Perhaps the most important deterrent to the commercial use of mycorrhizal fungi globally is the lack of large-scale multi-location field trials in a variety of agricultural soils and an absence of general lack of awareness among the users. Without such an activity it will be difficult to establish a market for mycorrhizal inoculum. Without a market there is little incentive for a commercial setup to initiate the production of inoculum on a commercial scale, and only large-scale production will make large-scale field trials possible. Other important issues responsible for the general lack of trust amongst the users in its potential are: (a) The lack of cost-benefit analysis to determine the economics of mycorrhizal applications, and (b) The general trend towards excessive fertilization to substitute for the lack of mycorrhizal fungi.
Once large-scale applications of the potential of mycorrhizal inocula are proven to common masses on multi-location fields, lightweight commercial mycorrhizal formulations will need to be developed and new application methods will be devised. Most importantly, from large-scale field tests, cost-benefit analysis will be done accurately to determine the economic benefit derived from the use of mycorrhizal fungi. In the end, this will be the determining factor in the commercial application of mycorrhizal fungi. Biological scientists are rarely able to critically assess the economic factors involved in the application of a new technology. It is important to design the total economic and infrastructure requirement for the setting up a production facility and strict regulatory norms for the quality assessment of the finished product before the release of the product in the market. The involvement of the scientific community is important to define such norms.
The field of applied AM research has suffered for many years from the "chicken-and-egg" syndrome. The inoculum was not widely used because it was not readily available, and it was not available because it was not used. The recent boom in commercial AM inoculants will help break out of the cycle. There have been numerous inquiries about the quality of available inoculum. Unfortunately, only little data on which to base recommendations are available. To remedy this situation, the initiation of a quality control assay (QCA) for commercial AM products is essential which will involve conducting a standard mycorrhizal colonization percentage (MCP) assay on commercial AM inoculum received under before making them available in the market. This will need regular supervision and knowledge of the correct mode of production, formulation, and delivery.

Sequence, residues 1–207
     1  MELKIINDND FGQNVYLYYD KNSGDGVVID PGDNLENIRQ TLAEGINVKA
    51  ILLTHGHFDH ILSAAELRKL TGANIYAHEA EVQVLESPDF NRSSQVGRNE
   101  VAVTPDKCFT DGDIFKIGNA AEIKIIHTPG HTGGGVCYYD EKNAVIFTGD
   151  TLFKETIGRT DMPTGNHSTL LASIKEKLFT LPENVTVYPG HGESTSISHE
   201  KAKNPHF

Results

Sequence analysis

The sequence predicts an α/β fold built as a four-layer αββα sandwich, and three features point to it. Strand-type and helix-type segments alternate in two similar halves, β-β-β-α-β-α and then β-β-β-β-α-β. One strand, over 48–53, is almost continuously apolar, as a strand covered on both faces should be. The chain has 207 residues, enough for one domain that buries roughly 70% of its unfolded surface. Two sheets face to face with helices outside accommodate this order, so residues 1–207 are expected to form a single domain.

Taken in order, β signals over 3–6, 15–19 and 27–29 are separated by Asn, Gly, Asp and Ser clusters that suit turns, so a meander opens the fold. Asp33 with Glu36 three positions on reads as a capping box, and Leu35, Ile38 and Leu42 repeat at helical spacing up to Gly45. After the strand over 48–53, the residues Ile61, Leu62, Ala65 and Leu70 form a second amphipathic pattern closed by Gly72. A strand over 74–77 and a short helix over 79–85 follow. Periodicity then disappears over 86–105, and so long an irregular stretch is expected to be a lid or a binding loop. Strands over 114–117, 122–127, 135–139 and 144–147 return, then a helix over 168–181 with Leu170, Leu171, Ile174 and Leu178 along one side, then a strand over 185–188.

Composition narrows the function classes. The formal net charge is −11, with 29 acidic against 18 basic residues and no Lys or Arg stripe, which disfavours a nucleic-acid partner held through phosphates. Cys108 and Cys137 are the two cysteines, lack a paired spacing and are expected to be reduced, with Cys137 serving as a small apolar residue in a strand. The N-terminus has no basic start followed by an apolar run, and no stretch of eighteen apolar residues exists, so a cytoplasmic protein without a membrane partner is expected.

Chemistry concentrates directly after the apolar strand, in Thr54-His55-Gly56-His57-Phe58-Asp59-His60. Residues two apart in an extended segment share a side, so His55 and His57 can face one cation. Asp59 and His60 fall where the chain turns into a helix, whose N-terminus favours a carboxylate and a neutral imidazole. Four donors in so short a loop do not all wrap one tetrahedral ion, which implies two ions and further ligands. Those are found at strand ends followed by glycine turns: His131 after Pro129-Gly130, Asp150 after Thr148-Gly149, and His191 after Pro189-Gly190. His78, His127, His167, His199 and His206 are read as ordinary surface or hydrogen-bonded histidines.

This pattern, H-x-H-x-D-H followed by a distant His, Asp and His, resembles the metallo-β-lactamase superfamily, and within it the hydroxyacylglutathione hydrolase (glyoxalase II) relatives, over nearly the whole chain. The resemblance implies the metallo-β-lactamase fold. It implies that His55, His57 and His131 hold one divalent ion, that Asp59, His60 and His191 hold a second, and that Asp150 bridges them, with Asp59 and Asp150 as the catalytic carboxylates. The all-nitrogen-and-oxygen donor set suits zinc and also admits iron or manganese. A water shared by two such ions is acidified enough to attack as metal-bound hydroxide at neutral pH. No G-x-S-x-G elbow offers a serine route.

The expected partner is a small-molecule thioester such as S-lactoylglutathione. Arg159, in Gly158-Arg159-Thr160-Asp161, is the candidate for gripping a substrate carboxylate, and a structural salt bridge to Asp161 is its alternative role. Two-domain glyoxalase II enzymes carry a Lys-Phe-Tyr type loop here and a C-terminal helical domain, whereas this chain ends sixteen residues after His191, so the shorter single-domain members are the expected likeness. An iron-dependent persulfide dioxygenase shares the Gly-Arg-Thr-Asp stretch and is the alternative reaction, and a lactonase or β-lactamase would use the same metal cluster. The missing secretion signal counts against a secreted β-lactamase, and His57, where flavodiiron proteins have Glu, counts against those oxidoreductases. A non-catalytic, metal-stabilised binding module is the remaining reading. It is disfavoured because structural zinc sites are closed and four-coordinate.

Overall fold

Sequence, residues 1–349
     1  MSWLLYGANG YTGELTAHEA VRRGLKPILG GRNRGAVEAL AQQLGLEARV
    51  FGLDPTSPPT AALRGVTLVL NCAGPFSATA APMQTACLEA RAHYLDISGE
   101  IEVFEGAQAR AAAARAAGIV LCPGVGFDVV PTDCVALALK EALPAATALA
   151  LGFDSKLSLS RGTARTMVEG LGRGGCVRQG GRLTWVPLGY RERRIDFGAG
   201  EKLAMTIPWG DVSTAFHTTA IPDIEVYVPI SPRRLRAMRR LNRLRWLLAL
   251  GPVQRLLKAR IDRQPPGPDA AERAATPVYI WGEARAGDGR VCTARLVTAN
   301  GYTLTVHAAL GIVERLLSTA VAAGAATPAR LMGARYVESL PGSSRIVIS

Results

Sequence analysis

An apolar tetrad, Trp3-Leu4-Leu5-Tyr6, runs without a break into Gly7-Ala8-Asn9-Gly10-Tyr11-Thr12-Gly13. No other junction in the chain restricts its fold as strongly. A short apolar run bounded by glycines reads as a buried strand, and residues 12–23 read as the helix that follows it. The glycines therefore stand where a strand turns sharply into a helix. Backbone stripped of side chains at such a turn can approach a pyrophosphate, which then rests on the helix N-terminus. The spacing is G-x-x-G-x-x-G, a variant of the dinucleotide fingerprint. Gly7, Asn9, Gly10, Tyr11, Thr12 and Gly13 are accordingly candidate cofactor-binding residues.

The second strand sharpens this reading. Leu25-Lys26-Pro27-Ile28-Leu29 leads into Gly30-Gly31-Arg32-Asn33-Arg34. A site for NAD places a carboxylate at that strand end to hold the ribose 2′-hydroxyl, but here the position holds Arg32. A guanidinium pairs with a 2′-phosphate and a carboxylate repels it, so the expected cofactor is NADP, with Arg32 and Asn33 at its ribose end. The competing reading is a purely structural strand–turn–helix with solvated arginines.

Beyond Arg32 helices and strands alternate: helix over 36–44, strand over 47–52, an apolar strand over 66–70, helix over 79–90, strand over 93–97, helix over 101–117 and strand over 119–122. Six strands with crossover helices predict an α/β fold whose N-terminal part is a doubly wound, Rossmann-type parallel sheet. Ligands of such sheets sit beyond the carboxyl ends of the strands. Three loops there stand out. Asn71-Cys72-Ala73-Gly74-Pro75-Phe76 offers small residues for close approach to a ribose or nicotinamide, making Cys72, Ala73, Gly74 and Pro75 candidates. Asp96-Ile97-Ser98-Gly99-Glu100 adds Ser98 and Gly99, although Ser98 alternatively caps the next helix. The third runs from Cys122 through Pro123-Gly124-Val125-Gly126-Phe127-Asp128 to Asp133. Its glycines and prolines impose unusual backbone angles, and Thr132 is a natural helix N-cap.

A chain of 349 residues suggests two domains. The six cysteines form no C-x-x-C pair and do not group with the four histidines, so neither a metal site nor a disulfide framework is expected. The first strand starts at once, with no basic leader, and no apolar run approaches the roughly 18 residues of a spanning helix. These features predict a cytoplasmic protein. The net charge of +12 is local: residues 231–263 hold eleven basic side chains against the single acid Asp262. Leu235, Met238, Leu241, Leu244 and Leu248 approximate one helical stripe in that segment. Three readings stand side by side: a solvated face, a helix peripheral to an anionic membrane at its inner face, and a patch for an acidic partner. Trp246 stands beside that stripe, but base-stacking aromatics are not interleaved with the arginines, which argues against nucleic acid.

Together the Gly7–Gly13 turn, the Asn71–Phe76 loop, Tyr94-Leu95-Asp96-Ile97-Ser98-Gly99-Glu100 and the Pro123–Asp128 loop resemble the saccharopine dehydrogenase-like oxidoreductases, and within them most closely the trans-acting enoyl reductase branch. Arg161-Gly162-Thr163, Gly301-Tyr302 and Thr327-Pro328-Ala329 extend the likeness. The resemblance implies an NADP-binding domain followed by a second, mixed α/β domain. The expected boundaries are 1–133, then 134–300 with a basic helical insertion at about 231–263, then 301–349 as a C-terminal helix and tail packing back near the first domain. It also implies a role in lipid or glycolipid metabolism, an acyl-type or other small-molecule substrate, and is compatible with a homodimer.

Biofertilizers represent an affordable industry for many developing countries. In many African countries, the use of inorganic fertilizer has increased soil acidity, reducing the yield per ton of fertilizer. Biofertilizers are cheap to manufacture, suitable for small-scale farmers if produced locally (eliminating distribution costs), and the investment in technology is far lower than that of inorganic fertilizers. Biofertilizers have been produced, packaged, and sold commercially in India, while in a number of African and Latin American countries, biofertilizers have been produced at national research centers. Most importantly, the demand for biofertilizers has outstripped production in almost all these countries. It is estimated that about $40,000-550,000 is required to build a 100-150 MT biofertilizer plant. Alternatively, $500,000 for 10 plants in different locations could produce up to 1000-1500MT to meet the demand by rural farmers. With increased production capacity, bioferti-lizers have a market locally and possibly internationally. Biofertilizers present developing countries with a unique opportunity to enhance their crop yields. Countries like Bangladesh, Brazil, Kenya, Tanzania, Zimbabwe, and Zambia have had successful pilot plants for the production of biofertilizers, and demand has often exceeded production. If any of these countries built a production plant with local and regional markets in mind, they could be exporting their products. India has developed many biofertilizers that are currently on the market for gardeners and farmers. If these products are coupled with crop rotation and irrigation, it is possible to increase crop yields of legumes and cereals. Biopesticides, too, could help increase crop yield, reduce import bills, and increase export earnings. Taken together, they could provide an affordable source of agricultural inputs that would challenge chemical use in rural areas. Chemical fertilizer and pesticide imports and exports from developing countries are low, and production yields are very poor, especially in Africa. Biotechnology will depend on renewable raw materials, and agriculture should play a big role in developing countries' exports.
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